TWO broadcast interviews: one with boxing champion and Sen. Manny Pacquiao by Karen Davila on ANC’s “Headstart” last Feb. 20; the other with Gov. Imee Marcos on dzMM’s “Ikaw na Ba?” last Dec. 11, 2018. The question in each interview, which set off the controversy, was related to the same subject: educational background of public officials.
Davila asked Pacquiao if he agreed that senators and presidents should have a college degree. “Yes,” Manny said.
That requirement may disqualify the senator. “Actually, I’m pursuing a college degree.” She wanted to know where he was studying.
Detour in the answer
At that point, Paquiao took the detour a news source usually takes if he wants to avoid the question. He said, “The very important thing is you know the situation of the country’s problems.” Note that Manny was asked where he was studying.
Karen, a veteran interviewer who can spot a diversion when she sees it, didn’t let go: she held on to what she had asked:
Davila: Pero teka lang, tinatapos mo ba ang college degree ninyo o hindi?
KD: Anong eskwelahan?
MP: Dito lang.
KD: Saan, sa Maynila? ... Malaking istorya yan, anong pangalan ng school?
MP: Ibubulong ko na lang sa inyo.
Davila would’ve been remiss had she abandoned the line of questioning that Pacquiao himself dangled when he said he was “pursuing a college degree.”
Was the information sought trivial? No, because details about his supposed school and course will support his disclosure that he’s completing a college education. It isn’t trivial; it’s knowledge that the public wants and needs to know.
The reporter in Karen sensed the value of it: “malaking istorya yan.”
Compare that with the interview of Imee Marcos on dzMM. When asked by a listener how she could prove that she was a “true graduate of Princeton,” Imee answered:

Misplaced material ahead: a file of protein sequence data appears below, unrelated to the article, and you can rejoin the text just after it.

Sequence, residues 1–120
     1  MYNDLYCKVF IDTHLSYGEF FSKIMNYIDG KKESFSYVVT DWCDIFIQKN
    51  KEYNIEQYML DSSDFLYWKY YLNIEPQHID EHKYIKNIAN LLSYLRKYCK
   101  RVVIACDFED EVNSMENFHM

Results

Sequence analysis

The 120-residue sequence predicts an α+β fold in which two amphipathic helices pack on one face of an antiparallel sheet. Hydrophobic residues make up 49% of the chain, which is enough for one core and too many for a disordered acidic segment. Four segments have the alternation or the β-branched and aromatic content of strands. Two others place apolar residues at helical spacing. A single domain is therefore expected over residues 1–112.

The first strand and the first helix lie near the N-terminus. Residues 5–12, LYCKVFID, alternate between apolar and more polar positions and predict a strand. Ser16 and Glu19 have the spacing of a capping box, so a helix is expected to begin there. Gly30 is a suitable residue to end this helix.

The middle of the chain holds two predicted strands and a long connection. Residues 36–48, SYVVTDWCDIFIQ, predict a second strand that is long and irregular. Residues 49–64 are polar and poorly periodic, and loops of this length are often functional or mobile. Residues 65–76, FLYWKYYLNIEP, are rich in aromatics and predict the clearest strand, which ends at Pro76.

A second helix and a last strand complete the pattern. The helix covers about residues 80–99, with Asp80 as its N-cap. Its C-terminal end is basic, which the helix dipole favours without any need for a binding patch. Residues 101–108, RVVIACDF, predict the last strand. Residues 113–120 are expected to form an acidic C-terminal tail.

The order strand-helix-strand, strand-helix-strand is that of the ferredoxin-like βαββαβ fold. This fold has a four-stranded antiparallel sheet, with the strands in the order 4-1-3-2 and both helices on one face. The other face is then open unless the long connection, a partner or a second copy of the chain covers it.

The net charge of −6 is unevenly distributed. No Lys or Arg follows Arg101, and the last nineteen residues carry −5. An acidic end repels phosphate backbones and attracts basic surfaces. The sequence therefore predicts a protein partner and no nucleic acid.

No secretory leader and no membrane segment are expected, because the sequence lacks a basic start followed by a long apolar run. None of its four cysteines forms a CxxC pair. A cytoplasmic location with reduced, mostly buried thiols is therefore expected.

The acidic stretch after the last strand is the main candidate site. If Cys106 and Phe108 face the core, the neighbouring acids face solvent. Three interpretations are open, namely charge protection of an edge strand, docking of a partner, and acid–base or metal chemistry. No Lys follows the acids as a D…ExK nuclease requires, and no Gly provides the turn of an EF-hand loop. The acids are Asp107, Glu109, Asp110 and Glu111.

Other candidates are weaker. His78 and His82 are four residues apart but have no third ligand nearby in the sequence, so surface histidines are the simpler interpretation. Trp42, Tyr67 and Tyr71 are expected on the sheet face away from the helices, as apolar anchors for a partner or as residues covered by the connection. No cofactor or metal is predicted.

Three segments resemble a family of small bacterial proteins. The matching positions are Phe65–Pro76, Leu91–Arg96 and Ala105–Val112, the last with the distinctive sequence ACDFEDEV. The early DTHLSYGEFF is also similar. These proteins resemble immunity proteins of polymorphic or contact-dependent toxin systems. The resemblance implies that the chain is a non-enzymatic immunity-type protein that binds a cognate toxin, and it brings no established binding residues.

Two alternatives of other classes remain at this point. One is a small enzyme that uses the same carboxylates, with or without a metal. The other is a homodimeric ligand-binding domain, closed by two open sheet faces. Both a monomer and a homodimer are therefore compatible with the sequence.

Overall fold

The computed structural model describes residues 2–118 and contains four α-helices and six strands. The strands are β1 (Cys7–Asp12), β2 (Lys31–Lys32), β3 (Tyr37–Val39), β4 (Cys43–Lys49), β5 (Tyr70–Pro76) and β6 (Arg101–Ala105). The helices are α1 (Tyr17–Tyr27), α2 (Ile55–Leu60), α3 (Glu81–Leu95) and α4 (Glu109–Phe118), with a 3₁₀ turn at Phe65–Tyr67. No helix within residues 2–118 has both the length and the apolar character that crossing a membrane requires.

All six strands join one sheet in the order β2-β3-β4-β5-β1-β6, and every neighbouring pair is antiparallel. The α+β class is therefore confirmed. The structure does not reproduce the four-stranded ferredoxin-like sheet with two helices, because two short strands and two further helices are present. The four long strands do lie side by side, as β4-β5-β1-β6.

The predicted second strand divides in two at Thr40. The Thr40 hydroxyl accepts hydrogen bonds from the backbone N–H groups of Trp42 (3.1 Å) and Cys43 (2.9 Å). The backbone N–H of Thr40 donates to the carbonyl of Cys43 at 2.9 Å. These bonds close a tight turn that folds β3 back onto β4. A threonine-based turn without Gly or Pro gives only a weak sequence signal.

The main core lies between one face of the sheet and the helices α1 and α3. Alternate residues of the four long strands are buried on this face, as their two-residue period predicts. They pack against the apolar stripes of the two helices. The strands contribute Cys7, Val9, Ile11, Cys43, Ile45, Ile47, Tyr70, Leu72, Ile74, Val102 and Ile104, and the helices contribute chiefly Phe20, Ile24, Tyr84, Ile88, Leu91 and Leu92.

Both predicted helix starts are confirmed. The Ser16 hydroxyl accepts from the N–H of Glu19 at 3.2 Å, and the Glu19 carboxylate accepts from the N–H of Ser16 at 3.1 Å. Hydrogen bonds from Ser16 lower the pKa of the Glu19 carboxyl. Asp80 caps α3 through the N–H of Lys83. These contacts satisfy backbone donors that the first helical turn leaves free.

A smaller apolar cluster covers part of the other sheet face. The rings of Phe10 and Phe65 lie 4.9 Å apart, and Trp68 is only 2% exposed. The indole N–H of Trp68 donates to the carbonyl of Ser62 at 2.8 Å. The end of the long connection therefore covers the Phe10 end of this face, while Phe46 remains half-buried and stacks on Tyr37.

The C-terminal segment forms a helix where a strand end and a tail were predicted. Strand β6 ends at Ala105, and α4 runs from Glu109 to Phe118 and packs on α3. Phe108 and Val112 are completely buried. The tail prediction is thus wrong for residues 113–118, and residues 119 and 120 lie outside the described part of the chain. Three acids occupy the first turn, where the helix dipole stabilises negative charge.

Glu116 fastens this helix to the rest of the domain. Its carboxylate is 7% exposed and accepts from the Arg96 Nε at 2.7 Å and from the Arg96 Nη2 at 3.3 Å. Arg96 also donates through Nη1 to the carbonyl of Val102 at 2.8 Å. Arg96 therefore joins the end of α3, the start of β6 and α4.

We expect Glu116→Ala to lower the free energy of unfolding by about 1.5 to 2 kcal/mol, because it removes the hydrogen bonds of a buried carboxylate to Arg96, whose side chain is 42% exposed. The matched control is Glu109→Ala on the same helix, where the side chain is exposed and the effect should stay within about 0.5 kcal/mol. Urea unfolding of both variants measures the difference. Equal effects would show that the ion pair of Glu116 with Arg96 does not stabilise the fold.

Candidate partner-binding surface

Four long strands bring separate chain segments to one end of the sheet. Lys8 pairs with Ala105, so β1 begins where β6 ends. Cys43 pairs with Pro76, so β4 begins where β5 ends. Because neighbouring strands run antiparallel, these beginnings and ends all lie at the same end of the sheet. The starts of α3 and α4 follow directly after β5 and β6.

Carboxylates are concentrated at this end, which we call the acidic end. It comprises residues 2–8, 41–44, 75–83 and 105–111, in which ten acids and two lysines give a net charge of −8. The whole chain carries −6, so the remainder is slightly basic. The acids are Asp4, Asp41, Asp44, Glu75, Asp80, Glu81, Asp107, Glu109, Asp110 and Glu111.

“Yes, tama po. It’s the season. Talagang eleksyon na eleksyon na... (Here, she also mentioned about the attacks on her brotherBongbong.) My performance, track record will show what I have done. I have many solutions that can help my people.”
The governor didn’t answer the question and got away with it. There was no follow-up from the dzMM host who read, or the listener who sent, the question. Obviously, the format didn’t allow that, unlike in the ANC interview where Davila had a lot of leg room to kick ass.
Not tough or discourteous
But Karen wasn’t even kicking ass. It was not a difficult question. “What school and where” didn’t require guts from Davila or complex thinking from Pacquiao, just his candidness. It must have made the senator uneasy because he was fibbing or it was something not to be proud about: why else did he say he’d just whisper it to Davila.
Was Karen being rude? Did she cross the line and the dzMM interviewer didn’t? A public interview of the “Headstart” genre requires persistent, sometimes tough questioning. The “Halalan” format didn’t allow the follow-ups ANC did.
Manny must know that; as he said, it was the fourth time he faced her in the program. Guests in broadcast talk shows are entitled to courtesy but that doesn’t include protection from embarrassment, brought on themselves by what they say or do on screen or on air.
Alma Moreno case
In 2015 Davila asked movie actress Alma Moreno if she was in favor of the Reproductive Health Bill. Her answer:
“Yes, with reservations.” As expected of any reporter, Karen followed up: What were her reservations? That stumped Moreno who sued for time and help.
Same thing that Karen did in the Pacquiao interview.
No bullying. The sources themselves opened the trap door. The interviewer just nudged him a bit.
Thank heaven for journalists who still do their job well. They help remind celebrities and their public that the Senate and the presidency require a lot more than willingness to serve.